That description is at the bottom of this article: SOON AND BRIGGS: Global-warming fanatics take note, Sunspots do impact climate."
Briggs has an interesting website where I found the article referenced. Briggs was all the rage back in April when Bill Whittle made the video below claiming Briggs had posted the "Greatest sentence ever written" on his website.
Briggs regularly debunks statistical errors and claims. I recommend his website highly. I regard him as a scientist with integrity, a truly open mind and a love of truth. Consider this bit of Briggs' wisdom:
When and if a theory describes reality without error it is no longer a theory but truth. If a theory does not describe reality perfectly, then it is not true. To love a theory over truth is the mark of madness. Or of Enlightenment. Or, nowadays often, of tenure.But I digress. Here is why I'm not a scientist.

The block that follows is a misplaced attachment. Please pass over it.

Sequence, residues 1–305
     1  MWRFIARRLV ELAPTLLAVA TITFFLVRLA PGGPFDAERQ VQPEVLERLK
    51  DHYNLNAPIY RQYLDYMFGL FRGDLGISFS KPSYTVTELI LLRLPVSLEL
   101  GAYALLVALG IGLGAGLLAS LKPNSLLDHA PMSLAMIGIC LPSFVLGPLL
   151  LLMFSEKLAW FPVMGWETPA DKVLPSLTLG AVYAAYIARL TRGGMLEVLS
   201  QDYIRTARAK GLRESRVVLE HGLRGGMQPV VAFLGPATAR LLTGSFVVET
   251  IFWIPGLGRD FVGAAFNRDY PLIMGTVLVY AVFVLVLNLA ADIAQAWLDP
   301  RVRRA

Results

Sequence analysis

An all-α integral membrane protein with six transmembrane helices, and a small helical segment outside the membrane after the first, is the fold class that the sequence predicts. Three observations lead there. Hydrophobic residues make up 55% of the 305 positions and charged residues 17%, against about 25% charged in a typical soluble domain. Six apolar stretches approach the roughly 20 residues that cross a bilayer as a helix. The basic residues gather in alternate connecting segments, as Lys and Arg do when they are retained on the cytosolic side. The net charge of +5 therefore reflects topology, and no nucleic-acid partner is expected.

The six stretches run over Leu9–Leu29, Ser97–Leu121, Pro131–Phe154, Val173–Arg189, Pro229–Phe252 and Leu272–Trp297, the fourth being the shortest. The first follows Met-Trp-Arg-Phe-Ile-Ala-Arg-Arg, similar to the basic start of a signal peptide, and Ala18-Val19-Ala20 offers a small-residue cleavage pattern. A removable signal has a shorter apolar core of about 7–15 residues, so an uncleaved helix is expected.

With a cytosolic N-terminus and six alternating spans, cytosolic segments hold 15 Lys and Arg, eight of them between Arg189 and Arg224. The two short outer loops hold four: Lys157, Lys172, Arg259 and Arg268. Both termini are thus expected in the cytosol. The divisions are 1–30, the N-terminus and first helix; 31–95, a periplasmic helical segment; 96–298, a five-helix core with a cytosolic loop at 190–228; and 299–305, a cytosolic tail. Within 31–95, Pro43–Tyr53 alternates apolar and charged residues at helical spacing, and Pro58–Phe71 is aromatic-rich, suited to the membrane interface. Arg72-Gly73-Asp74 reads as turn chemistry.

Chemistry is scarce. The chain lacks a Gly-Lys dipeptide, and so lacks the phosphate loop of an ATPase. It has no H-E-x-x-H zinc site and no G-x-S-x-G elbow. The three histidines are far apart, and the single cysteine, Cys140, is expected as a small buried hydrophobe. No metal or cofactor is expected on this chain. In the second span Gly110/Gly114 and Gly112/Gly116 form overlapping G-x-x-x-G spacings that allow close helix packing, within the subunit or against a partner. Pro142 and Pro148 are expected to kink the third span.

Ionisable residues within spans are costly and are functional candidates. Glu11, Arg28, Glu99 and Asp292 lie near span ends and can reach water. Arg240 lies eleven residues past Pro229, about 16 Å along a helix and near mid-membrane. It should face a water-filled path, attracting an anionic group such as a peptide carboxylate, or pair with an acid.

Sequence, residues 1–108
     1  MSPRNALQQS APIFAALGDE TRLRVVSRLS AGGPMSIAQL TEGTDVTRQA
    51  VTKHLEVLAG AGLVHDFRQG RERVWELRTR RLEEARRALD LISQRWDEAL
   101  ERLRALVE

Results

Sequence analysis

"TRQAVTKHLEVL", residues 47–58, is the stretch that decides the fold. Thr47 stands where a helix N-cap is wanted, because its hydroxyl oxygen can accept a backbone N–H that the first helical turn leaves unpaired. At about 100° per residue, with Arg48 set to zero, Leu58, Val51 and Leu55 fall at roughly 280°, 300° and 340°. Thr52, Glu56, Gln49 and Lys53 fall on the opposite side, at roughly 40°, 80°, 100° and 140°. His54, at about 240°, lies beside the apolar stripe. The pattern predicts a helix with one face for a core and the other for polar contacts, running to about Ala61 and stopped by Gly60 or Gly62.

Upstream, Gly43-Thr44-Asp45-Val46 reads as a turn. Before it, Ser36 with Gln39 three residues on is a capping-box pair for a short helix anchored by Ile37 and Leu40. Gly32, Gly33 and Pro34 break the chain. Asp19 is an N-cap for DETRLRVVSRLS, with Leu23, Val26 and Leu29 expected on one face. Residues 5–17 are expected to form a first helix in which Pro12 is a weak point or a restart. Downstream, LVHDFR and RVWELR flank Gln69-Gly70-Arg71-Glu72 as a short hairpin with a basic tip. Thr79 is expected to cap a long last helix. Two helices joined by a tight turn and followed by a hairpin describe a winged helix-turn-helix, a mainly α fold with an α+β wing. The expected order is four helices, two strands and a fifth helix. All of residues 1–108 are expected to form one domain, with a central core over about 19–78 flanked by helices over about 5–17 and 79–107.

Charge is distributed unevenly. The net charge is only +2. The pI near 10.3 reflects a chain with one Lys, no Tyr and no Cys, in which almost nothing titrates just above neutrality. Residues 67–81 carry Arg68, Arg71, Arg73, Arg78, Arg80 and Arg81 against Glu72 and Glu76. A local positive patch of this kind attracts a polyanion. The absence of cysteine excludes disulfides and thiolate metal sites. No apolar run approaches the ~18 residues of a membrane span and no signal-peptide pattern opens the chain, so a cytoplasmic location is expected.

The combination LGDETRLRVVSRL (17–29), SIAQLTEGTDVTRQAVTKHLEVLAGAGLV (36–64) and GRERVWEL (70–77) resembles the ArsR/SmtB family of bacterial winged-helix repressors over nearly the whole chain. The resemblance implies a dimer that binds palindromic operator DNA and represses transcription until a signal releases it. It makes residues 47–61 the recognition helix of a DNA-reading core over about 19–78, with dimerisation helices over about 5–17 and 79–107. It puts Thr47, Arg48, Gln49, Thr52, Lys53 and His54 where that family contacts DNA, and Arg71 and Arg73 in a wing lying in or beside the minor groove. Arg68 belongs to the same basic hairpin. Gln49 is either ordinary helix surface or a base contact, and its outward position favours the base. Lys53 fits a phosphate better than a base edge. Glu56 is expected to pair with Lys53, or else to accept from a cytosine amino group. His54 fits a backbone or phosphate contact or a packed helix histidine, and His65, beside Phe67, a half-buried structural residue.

In his sunspots article, Briggs reproduces the following graph with the following description:
The graph shows almost an exact correlation between solar radiation and daytime high temperatures.
What? Am I wrong or is this graph simply an illustration of the obvious, i.e., it gets hotter when the sun's out?
God bless Briggs for being a scientist and being interested in and writing about the apparently obvious. I couldn't do it.
The worst part is the global warming "scientists" Briggs is criticizing don't see and don't believe in what's obvious to the rest of us.
How does Briggs maintain his cool, scientific detachment in the face of such idiocy?
Do you think the global warming "scientists" will change their mind after Briggs took the time to spell the truth out for them in words and a picture?
My bet is "no," because of the truth contained in Briggs' greatest sentence ever written:
The love of theory is the root of all evil.